Health Benefits of amino acid GABA: Pain Relief, Sleep, and Reduced Anxiety

GABA—known as Gamma-amnobutyric acid—is a chief neurotransmitter with inhibitory effects on the central nervous system of mammals. Because it plays a central role in regulating the excitement of neurons in the brain and nervous sytem, as well as muscle tone in humans, it can be used as a pain killer as since it not only reduces the perception of pain, but also has secondary effects that allows sleep and reduces anxiety once the pain is gone.

GABA is an amino acid, chemically speaking, but in medical and scientific fields it is referred to differently since it is not an alpha amino acid and is not technically incorporated into a protein either. However, Gaba-A and Gaba-B receptor sites in the brain do have a role to play in pain regulation, sleep, and anxiety parts of the human body and psyche.

Perception and mediation of pain: Pain killers as regulated by GABA amino acid

Defining the role of GABA regarding the perception and mediation of the transmission of pain has been attempted by SJ Enna and KE McCarson in the Department of Molecular and Integrative Physiology, at the University of Kansas Medical Center. They understand why GABA is nature’s pain killer.

Realizing that the central nervous system has GABAergic neurons that are distributed throughout the body, it is the spinal cord dorsal horn that also transmits the impulses of what it perceives as “pain” to the brain. GABA neurons and receptors not only perceive and respond to the stimuli, but these scientists admit that “this neurotransmitter system has been shown to regulate control of sensory information processing in the spinal cord.” This is why GABA plays such an important role in being a natural pain killer and is considered a novel analgesic.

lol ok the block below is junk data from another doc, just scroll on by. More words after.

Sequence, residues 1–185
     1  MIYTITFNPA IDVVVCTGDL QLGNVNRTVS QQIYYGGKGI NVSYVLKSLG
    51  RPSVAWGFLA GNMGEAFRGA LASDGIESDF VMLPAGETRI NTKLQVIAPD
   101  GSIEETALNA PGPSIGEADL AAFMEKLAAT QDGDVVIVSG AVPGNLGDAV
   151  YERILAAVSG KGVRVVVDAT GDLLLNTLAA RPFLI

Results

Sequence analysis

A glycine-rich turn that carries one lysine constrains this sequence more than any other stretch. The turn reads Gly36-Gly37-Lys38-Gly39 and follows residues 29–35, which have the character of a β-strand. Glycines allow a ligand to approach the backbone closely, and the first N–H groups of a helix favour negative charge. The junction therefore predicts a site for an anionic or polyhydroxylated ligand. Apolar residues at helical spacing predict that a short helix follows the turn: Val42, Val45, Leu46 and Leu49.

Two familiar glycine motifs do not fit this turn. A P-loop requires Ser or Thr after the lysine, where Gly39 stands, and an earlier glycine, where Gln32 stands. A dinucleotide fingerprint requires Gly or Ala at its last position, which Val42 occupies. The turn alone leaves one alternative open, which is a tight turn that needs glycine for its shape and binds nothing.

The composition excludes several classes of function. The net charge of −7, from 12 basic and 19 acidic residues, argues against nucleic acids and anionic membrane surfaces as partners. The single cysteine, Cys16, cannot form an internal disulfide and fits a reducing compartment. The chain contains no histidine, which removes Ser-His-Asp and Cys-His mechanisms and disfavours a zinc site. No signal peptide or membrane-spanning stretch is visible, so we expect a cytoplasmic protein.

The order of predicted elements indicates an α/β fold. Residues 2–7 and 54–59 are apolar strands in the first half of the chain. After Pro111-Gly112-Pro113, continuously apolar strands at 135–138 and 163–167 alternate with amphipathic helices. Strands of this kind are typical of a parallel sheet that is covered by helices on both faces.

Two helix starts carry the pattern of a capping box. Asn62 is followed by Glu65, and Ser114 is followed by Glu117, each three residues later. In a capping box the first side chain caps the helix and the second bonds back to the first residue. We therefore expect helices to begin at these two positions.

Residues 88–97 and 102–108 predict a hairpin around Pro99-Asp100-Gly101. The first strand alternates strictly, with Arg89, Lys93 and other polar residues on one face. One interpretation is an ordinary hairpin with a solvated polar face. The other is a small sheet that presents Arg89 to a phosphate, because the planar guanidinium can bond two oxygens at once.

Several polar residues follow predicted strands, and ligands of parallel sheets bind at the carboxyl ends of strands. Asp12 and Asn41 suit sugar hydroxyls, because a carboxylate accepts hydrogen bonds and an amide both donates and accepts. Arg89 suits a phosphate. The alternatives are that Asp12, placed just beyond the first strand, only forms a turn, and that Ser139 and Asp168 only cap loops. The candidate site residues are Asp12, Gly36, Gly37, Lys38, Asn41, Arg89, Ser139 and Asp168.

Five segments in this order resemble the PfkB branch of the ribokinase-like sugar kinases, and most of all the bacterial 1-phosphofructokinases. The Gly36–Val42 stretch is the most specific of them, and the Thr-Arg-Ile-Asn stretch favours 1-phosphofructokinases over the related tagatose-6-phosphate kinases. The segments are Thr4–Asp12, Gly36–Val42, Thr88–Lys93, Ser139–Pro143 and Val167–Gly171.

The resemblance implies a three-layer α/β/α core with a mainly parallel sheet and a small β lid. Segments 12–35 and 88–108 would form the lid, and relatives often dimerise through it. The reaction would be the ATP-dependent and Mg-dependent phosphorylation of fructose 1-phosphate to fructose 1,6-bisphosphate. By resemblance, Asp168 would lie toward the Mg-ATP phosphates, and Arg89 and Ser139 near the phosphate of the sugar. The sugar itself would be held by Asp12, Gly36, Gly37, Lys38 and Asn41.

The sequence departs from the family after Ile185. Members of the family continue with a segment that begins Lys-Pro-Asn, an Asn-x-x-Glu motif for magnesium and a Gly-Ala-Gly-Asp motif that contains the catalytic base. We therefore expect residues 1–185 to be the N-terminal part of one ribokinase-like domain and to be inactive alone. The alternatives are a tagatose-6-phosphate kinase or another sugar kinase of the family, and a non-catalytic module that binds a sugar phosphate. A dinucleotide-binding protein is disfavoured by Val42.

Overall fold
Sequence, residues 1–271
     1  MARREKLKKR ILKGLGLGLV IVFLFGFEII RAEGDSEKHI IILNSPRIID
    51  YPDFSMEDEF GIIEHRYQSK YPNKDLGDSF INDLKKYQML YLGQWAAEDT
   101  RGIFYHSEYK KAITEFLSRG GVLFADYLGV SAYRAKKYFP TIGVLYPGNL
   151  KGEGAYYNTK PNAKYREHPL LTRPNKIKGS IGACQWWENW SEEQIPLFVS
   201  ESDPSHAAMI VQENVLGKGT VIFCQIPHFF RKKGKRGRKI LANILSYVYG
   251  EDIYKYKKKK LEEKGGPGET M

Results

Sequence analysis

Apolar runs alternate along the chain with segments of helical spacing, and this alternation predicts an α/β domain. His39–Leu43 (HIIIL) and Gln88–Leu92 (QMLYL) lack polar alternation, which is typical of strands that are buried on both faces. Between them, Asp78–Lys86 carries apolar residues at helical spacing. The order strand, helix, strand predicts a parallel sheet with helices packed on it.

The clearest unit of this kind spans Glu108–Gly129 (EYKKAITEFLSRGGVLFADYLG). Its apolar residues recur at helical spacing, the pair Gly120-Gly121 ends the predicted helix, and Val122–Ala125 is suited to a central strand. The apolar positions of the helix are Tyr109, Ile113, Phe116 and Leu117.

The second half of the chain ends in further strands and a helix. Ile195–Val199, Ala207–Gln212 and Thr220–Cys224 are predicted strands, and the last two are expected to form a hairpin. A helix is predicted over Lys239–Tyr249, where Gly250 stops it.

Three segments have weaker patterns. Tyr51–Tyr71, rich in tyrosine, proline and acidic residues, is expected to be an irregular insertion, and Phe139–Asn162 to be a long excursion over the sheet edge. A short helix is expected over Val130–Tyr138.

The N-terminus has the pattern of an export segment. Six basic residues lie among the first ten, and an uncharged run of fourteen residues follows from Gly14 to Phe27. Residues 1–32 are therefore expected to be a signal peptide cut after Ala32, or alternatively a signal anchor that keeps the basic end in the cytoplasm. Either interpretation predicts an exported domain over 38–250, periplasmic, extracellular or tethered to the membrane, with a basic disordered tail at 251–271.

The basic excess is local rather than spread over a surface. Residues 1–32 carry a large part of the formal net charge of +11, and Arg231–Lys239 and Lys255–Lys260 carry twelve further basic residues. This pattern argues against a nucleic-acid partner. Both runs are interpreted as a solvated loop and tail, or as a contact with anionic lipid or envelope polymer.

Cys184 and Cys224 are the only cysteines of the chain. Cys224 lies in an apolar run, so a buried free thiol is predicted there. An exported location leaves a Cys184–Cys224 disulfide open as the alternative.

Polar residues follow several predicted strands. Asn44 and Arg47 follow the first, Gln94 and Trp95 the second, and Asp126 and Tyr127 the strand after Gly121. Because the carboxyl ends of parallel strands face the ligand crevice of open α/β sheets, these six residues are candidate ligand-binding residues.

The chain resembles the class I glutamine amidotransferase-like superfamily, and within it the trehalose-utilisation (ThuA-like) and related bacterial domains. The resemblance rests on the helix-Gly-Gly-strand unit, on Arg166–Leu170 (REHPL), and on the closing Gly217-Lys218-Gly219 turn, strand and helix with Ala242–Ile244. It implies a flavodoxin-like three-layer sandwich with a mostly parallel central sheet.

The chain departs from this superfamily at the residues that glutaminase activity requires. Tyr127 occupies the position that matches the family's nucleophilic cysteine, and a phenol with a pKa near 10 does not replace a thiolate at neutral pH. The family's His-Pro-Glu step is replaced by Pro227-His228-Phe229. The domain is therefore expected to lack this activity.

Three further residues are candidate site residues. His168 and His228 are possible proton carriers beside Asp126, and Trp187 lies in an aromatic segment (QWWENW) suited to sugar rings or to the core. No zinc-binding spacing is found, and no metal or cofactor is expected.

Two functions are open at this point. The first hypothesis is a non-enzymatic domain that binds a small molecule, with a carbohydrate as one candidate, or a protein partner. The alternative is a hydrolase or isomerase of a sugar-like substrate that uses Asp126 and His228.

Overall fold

One limitation to GABAergic drugs in the past has been the problem of sedation, or the induction of sleep, which is fine for patients who need to both receive sleep as well as pain relief from this natural pain killer source. However, because it helps with sleep, and not all patients want to sleep but just have the effects of a pain killer, it has shown to be of limited utility. Research continues with GABA-A and GABA-B receptor sites, with the latter being identified with antinociceptive (pain killer) responses “at doses well below those that cause sedation.”

This research has shown hope towards GABA as a pain killer regulator since “stimulation of neuroanatomically discreet GABA receptor sites could be of benefit in the management of pain.” It is good to know that continued research is being done in this area of natural pain killers via GABAergic drugs.

Reference:

http://www.ncbi.nlm.nih.gov/pubmed/17175808